Block head Jack Dorsey’s new legal fund for BTC developers who refuse to honor their fiduciary obligations will push the modified blockchain protocol even further down the road to anarchic illegality.
Last week, Dorsey announced the so-called Bitcoin Legal Defense Fund, a non-profit entity established to assist BTC developers who find themselves under “legal pressure.” While Dorsey pitched the fund as a potential source of relief for all BTC developers, he and the fund’s two other board members will decide which cases they will support. To date, the only fund-worthy case involves (surprise!) the legal actions brought by Bitcoin creator Dr. Craig Wright following the 2020 theft of over 111,000 Bitcoin tokens via a hack of his computer.
Wright’s claims are intended to compel developers of the BTC, BCH, BCH ABC and Bitcoin SV blockchains to acknowledge their fiduciary duties to users of these blockchains who find themselves victims of theft. Wright is asking these developers to deploy the necessary code to restore his access to and control of his stolen coins.
To be clear, Wright isn’t seeking monetary damages from any of the centralized protocol developers; he only wants them to use the tools at their disposal to right a clear wrong. So far, the BTC protocol developers have shown no interest in complying and the deep-pocketed Dorsey’s financial support seems likely to further stiffen their spines. But in doing so, Dorsey has put himself on the wrong side of both history and the law.
After all, there is clear legal precedent for the developers being liable for the actions of their users, as seen in the 2005 U.S. Supreme Court decision in MGM Studios v. Grokster, which found that distributors of peer-to-peer file-sharing software could be held responsible for copyright infringement by users of said software.
All the fun, none of the responsibility
On the surface, aiding the recovery of stolen property offers the opportunity for the kind of good press the blockchain community sorely needs right now to offset lingering concerns over widespread crypto-related criminality. As such, the BTC protocol developers’ resistance to assisting Dr. Wright’s coin recovery efforts—and self-professed BTC maxi Dorsey’s support for said resistance—suggests a more selfish justification is at play. It also shows that Jack Dorsey is already the centralized leader of BTC.
Wright’s development and promotion of the BSV protocol has led to his coming under fierce attack from the BTC developer community, particularly those affiliated with Blockstream. The latter’s Lightning Network—a layer 2 ‘solution’ of which Dorsey is an enthusiastic supporter—is only necessary because BTC developers refused to allow the original “Bitcoin” (in the form of BTC) to scale to handle a sufficient volume of transactions.
Twitter infamously suspended Wright’s account in 2019 for reasons that remain opaque (besides Dorsey’s obvious desire to keep Wright’s message from reaching the masses). Dorsey later acknowledged that Twitter’s ban of U.S. President Donald Trump bordered on political censorship, a situation Dorsey claimed to abhor but nonetheless used to promote BTC as “a foundational internet technology that is not controlled or influenced by any single individual or entity.”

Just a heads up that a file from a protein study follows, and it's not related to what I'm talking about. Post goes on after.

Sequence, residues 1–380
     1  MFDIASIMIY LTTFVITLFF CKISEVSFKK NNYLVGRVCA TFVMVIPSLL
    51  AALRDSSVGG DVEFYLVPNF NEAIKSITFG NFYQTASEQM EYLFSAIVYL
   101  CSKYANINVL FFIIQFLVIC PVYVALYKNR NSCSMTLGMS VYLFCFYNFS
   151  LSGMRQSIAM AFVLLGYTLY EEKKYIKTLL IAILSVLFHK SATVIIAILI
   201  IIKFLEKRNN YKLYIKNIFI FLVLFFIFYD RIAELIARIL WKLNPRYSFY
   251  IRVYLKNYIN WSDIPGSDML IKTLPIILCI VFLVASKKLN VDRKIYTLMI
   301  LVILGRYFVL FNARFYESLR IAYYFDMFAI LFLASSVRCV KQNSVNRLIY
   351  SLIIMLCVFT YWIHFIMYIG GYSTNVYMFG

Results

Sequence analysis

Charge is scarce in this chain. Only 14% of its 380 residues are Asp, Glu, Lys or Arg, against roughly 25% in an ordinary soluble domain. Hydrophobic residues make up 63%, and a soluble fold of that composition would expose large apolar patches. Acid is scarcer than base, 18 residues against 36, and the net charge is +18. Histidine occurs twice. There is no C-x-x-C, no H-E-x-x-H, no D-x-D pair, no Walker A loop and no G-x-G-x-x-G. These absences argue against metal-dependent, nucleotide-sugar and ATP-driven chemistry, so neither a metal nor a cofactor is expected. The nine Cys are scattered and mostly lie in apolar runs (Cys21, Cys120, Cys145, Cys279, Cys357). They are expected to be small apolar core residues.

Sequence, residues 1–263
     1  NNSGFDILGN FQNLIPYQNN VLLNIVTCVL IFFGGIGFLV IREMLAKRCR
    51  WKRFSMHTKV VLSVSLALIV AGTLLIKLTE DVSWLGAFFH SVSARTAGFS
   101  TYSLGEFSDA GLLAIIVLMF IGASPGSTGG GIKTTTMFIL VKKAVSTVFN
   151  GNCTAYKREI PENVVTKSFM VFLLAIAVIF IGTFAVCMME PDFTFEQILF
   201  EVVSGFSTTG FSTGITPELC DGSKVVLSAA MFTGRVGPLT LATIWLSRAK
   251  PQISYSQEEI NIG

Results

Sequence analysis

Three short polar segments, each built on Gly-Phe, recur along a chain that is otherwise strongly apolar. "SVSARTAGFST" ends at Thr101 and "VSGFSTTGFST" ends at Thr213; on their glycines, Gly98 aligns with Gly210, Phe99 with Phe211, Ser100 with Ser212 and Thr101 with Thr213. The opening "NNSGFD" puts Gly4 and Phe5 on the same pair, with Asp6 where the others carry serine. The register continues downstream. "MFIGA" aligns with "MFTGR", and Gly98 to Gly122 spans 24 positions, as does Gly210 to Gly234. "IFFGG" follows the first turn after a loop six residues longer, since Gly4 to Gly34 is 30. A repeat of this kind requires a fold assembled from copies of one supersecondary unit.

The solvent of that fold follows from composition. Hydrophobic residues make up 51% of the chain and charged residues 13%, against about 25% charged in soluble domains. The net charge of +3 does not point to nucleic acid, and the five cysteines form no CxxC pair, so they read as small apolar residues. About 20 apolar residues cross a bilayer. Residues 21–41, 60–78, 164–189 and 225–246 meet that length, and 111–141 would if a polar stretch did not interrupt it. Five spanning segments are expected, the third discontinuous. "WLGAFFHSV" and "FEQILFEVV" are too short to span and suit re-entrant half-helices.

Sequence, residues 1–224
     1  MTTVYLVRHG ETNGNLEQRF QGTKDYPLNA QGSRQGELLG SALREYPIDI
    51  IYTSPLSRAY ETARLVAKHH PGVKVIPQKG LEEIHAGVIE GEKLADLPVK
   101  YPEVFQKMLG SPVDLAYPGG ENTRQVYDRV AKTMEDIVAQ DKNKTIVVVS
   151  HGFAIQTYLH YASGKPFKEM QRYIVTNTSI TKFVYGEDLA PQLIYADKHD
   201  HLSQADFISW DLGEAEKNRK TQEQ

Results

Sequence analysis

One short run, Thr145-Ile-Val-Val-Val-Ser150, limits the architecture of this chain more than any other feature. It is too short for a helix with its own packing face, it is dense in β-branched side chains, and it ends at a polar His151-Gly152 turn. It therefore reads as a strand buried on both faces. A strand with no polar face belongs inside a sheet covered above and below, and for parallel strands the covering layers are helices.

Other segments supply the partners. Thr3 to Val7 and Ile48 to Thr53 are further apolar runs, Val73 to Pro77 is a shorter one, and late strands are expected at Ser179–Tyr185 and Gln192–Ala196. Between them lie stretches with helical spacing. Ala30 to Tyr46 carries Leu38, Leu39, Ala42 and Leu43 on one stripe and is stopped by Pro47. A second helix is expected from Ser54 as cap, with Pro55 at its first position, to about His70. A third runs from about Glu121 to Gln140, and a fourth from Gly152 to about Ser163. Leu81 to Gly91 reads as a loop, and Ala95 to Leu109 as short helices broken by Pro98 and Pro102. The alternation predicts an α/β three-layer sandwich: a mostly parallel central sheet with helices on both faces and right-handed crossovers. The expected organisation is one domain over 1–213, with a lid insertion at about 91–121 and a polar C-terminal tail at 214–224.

Dorsey appears to prefer a system in which he himself doesn’t have to face any hard decisions that might please half the world and enrage the other half, where he can just build things that make scads of money and earn loads of laudatory press coverage while someone else deals with the fallout. But the world isn’t about to let him off the hook that easy.
Not your keys, not your missiles
Consider North Korea’s ongoing hacking of crypto platforms, which Chainanalysis data shows earned the Hermit Kingdom nearly $400 million last year alone. These ill-gotten gains have undoubtedly helped fund the regime’s recent flurry of provocative missile launches; mafia-like moves intended to extract concessions from countries who don’t want to see these missiles topped with actual warheads and targeted at their shores.
No doubt law enforcement agencies around the world would eagerly welcome the assistance of blockchain developers in assisting efforts to take these stolen coins out of Kim Jung-un’s hands and return them to their rightful owners. But that apparently wouldn’t sit well with Dorsey, Blockstream or other members of the ‘censorship-resistant’ crowd.
In order to wash its stolen coins clean, North Korea reportedly funnels its crypto through ‘mixers’ that help obfuscate their origin. That presumably isn’t a problem for BTC protocol developers like Blockstream’s Adam Back and Greg Maxwell, who helped ensure last year’s approval of BTC’s controversial ‘Taproot’ upgrade that added new features intended to disguise transaction details.
No one, least of all Wright, is saying privacy is a bad thing. But insisting on privacy through complete anonymity, regardless of the circumstances, is dogmatic adherence to anarchic beliefs that spits in the face of long-established concepts of justice. The same can be said for the belief that Bitcoin transactions cannot and should not ever be reversed, even when evidence of a crime is painfully obvious to all concerned.
The notion that we live in a society that venerates justice and fair play is treasured by the bulk of the non-crypto population. Showing these crypto-skeptics that justice still prevails in a blockchain world will go a long way in furthering widespread adoption of the technology.
That should be the ultimate goal of BTC maxis like Dorsey, but instead they continue to press for a proprietary, self-beneficial state of affairs that preserves their jurisdiction over BTC at the expense of the greater good. As the old pro-union chestnut goes, which side are you on, boys?
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